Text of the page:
Listening to the coverage of the Oxford Farming Conference and the Oxford Real Farming Conference on ‘Farming Today’ a few weeks ago, I was struck by the constant refrain ‘fair for all’. Interestingly, the phrase was coming from people attending both conferences – which seem, fortunately, to be growing ever closer as the years go on.
What they were talking about was of course the importance of fairness at all stages of the supply chain of British Food – with an emphasis on fairness to the producer.
This is absolutely correct and as it should be. However, it did make me wonder how often we think about foods that are not grown in this country. It is not uncommon to hear in ‘real life’, the television, the radio etc people talking about fairness for British farmers. I would contend that it is far, far less common for people to be airing their views about the treatment of farmers from abroad. And yet much of our food is imported and, unless we are radically to change our diets, unavoidably so. Are you really happy to give up coffee, chocolate, tea, bananas…?!
So why the double standards? Why do we care so much about treating both farmers and the environment fairly in Britain but appear not to care at all what is happening elsewhere in the world? Are those people not equally important? And their farming practices potentially just as polluting to the planet?
Whilst fully supporting the fact that ‘Black Lives Matter’, I am confused that this appears only to apply to the lives of black people living in Britain and the United States. Is there not an inconsistency here? Do we really not care at all that people are being exploited and, and in some circumstances, treated effectively as slaves to produce our food? Why do we get so wound up about slavery in the past, but apparently care not at all about the treatment of present day workers that can come perilously close to slavery?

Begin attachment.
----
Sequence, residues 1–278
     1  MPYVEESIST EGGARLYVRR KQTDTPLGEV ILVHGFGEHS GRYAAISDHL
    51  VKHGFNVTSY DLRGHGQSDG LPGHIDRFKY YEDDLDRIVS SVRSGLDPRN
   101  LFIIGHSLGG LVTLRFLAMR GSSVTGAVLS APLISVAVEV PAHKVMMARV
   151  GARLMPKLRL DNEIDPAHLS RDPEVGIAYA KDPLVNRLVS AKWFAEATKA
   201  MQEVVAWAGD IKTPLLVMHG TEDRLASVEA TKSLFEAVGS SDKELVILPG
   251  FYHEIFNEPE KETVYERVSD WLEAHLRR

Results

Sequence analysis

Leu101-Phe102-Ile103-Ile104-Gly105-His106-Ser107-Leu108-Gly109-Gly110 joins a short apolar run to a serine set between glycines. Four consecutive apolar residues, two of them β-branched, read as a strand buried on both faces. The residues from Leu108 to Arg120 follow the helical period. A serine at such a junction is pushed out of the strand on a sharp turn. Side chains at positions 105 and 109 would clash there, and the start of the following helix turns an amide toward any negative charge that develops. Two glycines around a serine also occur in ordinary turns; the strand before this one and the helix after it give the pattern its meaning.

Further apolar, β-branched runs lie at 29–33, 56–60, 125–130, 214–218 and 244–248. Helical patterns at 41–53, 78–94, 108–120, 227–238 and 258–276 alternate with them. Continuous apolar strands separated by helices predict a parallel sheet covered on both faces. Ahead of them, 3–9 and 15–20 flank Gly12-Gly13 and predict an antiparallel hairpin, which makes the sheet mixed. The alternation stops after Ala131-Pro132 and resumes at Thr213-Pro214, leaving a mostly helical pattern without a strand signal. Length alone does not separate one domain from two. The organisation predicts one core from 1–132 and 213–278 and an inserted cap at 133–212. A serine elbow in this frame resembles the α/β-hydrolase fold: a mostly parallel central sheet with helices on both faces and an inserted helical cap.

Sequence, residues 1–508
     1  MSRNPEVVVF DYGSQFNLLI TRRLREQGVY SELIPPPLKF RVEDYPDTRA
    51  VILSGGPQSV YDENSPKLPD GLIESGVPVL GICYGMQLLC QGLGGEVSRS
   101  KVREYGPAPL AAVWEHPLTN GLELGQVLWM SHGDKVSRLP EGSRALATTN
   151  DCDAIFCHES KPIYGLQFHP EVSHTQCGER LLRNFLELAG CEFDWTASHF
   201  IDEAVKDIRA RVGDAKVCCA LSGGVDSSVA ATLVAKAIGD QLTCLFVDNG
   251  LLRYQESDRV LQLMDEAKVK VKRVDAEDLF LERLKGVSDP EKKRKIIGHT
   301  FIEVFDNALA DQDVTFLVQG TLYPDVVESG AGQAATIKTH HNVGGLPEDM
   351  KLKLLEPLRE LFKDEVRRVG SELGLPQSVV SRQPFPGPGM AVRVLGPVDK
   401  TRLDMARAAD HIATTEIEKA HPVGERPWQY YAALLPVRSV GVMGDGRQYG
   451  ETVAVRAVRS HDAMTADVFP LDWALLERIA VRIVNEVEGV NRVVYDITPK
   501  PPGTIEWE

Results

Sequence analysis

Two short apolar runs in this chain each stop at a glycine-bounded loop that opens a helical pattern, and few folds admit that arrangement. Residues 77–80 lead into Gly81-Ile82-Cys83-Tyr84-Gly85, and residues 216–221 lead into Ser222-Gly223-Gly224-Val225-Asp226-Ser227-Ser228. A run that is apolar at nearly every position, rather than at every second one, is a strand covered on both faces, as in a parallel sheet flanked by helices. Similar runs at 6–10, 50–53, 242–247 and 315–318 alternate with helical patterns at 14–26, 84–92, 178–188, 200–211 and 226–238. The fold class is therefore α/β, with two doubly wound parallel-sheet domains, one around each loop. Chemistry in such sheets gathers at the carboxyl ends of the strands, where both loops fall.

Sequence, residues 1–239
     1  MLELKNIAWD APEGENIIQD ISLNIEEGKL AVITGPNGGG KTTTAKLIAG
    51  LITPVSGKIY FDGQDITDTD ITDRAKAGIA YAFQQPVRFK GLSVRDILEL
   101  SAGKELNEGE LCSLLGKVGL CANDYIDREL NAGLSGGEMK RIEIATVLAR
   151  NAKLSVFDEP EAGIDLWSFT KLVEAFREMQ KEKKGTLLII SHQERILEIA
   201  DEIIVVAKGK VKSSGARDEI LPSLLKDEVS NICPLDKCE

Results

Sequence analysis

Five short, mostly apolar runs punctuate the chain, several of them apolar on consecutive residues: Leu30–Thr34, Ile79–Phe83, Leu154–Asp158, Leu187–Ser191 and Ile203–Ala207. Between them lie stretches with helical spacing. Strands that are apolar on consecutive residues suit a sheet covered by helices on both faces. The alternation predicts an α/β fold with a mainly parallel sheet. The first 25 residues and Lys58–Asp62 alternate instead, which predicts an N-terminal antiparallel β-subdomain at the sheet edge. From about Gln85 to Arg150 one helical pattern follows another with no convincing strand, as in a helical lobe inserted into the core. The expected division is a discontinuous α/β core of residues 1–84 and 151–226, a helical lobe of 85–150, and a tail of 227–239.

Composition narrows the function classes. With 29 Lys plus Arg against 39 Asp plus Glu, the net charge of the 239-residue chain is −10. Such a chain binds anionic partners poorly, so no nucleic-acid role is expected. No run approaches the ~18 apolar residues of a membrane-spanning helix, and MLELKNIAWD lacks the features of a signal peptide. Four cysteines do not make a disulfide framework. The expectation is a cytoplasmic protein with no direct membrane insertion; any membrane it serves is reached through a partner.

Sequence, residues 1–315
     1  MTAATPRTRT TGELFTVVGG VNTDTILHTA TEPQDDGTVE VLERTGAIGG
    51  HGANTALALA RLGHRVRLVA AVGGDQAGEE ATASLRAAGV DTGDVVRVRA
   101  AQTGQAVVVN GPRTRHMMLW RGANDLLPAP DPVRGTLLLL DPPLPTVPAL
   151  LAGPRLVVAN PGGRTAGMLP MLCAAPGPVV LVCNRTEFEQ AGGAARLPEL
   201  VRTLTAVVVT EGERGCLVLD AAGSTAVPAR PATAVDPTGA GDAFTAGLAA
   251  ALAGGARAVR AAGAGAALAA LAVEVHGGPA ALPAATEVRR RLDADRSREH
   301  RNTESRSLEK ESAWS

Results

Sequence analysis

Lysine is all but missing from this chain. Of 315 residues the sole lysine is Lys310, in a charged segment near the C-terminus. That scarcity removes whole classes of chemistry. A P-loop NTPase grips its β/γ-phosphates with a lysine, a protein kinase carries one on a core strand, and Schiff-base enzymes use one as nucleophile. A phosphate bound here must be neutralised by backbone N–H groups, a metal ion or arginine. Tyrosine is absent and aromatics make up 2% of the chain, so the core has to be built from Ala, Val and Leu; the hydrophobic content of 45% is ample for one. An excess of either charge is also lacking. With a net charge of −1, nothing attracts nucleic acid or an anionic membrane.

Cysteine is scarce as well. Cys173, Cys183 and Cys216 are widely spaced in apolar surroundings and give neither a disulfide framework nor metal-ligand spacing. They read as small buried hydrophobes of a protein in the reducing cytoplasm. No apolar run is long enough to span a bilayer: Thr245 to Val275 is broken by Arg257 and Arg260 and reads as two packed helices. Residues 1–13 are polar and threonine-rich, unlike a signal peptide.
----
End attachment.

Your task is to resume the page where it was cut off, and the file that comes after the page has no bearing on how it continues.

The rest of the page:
So, what I am asking for is consistency in standards. When you buy your potatoes, your milk, your eggs please do ask how these have been produced and try to ensure their production methods have treated both the people and the land fairly. But please also when you buy your coffee, your chocolate, your tea apply the same standards. Ask where this has come from. Look for logos showing accreditations. Find out what these mean and whether they are standards you are happy to have applied to the production of your food.
The next fortnight is designated Fairtrade Fortnight.
This is a really good time to re-examine your buying habits and look into those accreditations. If a food bears the Fairtrade mark, what does this mean? Or the mark of the World Fairtrade Organisation? Or the Rainforest Alliance? … or so many more.
During the fortnight, we’ll be publishing a series of blogs written by members of the Shropshire Good Food Partnership. Do look out for them – we’re a varied bunch and I think you’ll find them interesting!
Chair – Global Dimension Group of the Shropshire Good Food Partnership